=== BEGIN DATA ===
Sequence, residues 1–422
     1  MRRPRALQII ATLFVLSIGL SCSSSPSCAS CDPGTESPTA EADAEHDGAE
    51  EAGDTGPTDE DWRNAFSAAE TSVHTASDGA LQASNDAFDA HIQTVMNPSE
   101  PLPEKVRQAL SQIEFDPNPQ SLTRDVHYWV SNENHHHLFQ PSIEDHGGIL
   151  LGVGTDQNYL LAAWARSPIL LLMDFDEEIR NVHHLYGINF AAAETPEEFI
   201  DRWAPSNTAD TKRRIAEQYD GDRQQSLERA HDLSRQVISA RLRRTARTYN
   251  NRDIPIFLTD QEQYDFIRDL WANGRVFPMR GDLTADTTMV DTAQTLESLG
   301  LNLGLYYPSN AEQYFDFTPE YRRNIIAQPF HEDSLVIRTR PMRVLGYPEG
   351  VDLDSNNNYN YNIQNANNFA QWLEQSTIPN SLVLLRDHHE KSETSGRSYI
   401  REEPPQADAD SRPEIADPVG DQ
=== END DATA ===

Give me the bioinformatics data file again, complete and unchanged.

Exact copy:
Sequence, residues 1–422
     1  MRRPRALQII ATLFVLSIGL SCSSSPSCAS CDPGTESPTA EADAEHDGAE
    51  EAGDTGPTDE DWRNAFSAAE TSVHTASDGA LQASNDAFDA HIQTVMNPSE
   101  PLPEKVRQAL SQIEFDPNPQ SLTRDVHYWV SNENHHHLFQ PSIEDHGGIL
   151  LGVGTDQNYL LAAWARSPIL LLMDFDEEIR NVHHLYGINF AAAETPEEFI
   201  DRWAPSNTAD TKRRIAEQYD GDRQQSLERA HDLSRQVISA RLRRTARTYN
   251  NRDIPIFLTD QEQYDFIRDL WANGRVFPMR GDLTADTTMV DTAQTLESLG
   301  LNLGLYYPSN AEQYFDFTPE YRRNIIAQPF HEDSLVIRTR PMRVLGYPEG
   351  VDLDSNNNYN YNIQNANNFA QWLEQSTIPN SLVLLRDHHE KSETSGRSYI
   401  REEPPQADAD SRPEIADPVG DQ